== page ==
" I think the biggest one is the guy I was talking about earlier (I have not included this part of the conversation actually to prevent too much text! I asked him about how he had so much time for training earlier on in our chat, to which he replied he had a particularly understanding boss being a professional runner for North Face himself, as well as only working part-time...), Mike Foote. He is the race director for The Rut so he's one of my bosses, but the unique thing is that when I was in High School running at Hellgate (where Adam now coaches), he was an assistant coach there. "
"Is he the one you did Death Valley to Mount Whitney with?"
"Yeah, he's that one!"
**CONTEXT: For Adam's senior project in High School he completed a human powered (bike and run/hike) trip from below sea level in Death Valley, 135 bike ride then summited over 14,000 feet up Mount Whitney all with his coach, Mike Foote**
" He was a great mentor for me during High School. I looked at his lifestyle like the type of running he did (ultrarunning) and though that's what I wanna do when I'm older. Then in college I got more removed from that cause your just not surrounded by trail runners and ultra runners in a team like that. Then I also look at Jim Walmsley. I was definitely inspired by him because I felt like he was a runner in college and put up some pretty good times and then just the way he transitioned into trail running, really attacked it and went for it I thought was pretty cool. I feel like a lot of people say 'oh, it's insane what he's doing' but he knows what he's doing andI just look at him like that's really cool he did that, and I think it paved the way for some of us. We raced a mile when I wa sin college and he was in the Air Force. That was before he was well known, like before he was the guy he is now, so that was pretty cool because I felt like I knew Jim before he blew up."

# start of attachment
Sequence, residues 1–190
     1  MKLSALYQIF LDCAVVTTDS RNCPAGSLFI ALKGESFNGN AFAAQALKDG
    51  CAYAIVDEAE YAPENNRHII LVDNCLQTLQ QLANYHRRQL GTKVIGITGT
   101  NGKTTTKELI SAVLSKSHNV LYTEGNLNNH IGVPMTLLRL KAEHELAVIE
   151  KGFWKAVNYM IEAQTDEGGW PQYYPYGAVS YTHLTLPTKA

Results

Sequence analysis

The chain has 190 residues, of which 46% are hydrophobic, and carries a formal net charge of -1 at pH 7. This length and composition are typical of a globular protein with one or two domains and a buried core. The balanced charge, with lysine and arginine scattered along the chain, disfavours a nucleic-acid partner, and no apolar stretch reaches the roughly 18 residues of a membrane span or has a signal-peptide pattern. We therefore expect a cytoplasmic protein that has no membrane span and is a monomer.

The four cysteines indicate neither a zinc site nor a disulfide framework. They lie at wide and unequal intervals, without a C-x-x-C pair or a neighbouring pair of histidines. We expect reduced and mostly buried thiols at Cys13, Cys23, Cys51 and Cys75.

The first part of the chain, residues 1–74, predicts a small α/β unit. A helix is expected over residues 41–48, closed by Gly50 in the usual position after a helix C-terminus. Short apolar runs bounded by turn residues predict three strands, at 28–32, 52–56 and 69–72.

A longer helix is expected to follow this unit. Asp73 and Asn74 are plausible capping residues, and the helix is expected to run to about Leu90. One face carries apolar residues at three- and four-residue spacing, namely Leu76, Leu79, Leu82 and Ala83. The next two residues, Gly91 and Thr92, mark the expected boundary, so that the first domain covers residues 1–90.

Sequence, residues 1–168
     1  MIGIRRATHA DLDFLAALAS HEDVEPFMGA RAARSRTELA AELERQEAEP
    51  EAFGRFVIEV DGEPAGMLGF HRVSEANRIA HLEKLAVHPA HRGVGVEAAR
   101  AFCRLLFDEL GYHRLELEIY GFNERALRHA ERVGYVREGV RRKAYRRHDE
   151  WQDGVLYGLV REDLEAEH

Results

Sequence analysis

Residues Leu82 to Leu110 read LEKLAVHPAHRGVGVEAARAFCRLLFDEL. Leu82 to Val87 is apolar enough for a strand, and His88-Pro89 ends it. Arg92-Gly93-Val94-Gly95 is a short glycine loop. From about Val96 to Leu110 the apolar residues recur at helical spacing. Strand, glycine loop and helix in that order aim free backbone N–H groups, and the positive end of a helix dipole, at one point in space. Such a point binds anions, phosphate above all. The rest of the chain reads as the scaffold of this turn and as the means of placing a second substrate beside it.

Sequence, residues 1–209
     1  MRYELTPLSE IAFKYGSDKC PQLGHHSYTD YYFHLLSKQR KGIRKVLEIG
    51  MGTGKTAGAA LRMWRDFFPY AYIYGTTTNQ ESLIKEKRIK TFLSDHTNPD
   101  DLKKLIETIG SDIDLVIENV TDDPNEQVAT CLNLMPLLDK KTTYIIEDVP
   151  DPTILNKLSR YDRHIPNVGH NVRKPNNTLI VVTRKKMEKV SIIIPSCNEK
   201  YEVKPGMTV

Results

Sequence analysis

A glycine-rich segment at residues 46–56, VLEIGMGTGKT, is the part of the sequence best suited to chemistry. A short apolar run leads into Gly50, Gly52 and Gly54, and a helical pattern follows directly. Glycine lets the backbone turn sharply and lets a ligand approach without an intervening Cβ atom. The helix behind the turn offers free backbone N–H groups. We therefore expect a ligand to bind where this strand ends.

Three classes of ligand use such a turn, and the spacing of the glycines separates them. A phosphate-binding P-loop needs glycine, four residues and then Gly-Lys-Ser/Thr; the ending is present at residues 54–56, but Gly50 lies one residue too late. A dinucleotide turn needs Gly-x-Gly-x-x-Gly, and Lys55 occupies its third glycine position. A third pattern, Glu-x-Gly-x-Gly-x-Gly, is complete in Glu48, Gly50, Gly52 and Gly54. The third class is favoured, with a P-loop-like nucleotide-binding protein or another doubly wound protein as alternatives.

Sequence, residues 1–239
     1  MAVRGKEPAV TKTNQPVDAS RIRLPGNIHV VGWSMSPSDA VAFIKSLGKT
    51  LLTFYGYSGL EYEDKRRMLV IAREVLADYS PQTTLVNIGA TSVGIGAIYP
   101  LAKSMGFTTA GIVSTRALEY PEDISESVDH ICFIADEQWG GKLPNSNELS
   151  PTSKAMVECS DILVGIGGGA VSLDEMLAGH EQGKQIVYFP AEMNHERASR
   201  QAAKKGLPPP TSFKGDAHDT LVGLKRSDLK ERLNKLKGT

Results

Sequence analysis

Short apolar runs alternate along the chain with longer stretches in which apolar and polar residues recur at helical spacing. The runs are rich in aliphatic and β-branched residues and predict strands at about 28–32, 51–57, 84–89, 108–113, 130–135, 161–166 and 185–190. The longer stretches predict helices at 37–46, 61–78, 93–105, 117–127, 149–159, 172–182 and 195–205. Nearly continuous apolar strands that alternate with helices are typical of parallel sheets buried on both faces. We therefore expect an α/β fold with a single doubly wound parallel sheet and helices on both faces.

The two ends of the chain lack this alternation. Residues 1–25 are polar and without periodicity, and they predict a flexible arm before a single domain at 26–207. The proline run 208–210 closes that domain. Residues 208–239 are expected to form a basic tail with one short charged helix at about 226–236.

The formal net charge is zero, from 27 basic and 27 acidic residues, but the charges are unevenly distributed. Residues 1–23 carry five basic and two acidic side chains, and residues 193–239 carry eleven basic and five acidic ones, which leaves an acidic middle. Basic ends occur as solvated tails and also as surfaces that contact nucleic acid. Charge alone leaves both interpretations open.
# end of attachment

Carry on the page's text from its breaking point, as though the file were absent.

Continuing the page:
" Ah, did you beat him though?"
"Yeah but it was a mile! And I was a collegiate runner!"
"One last question I like to ask everyone, what's your most embarrassing moment ever?"
"I feel like the most embarrassing thing, I guess it's not really a moment, but I made a YouTube video...yeah unfortunately it's not on the internet anymore, I don't know where it is, I think I deleted it off the face of the Earth. I actually think some of the High Schoolers I coach filmed the video with their phones before I deleted it, so it's on a few phones across the state. But yeah, when I was in 6th grade I made this YouTube video and it was essentially on how to make a didgeridoo and I remember, I made it in like one take, just filmed on my parents big computer, then submitted it...years go by and then I check it when I'm in college, it has like 90,000 views and all these people I know had watched it and stuff."
This is only scratching the surface of what we talked about, but all I could share with you as I don't want to send anyone an essay! I had such a lovely time chatting with Adam and look forward to watching him grow as an athlete and an inspiration to many others. Remember to follow his progress at the Canyons run on the 23rd April, and his Instagram can be found at: @adampeterman_. I hope you've enjoyed reading our chat as much as I enjoyed it and keep your eyes peeled for the next interview I've already conducted but just not shared! Oooo secretive...
Lots of love,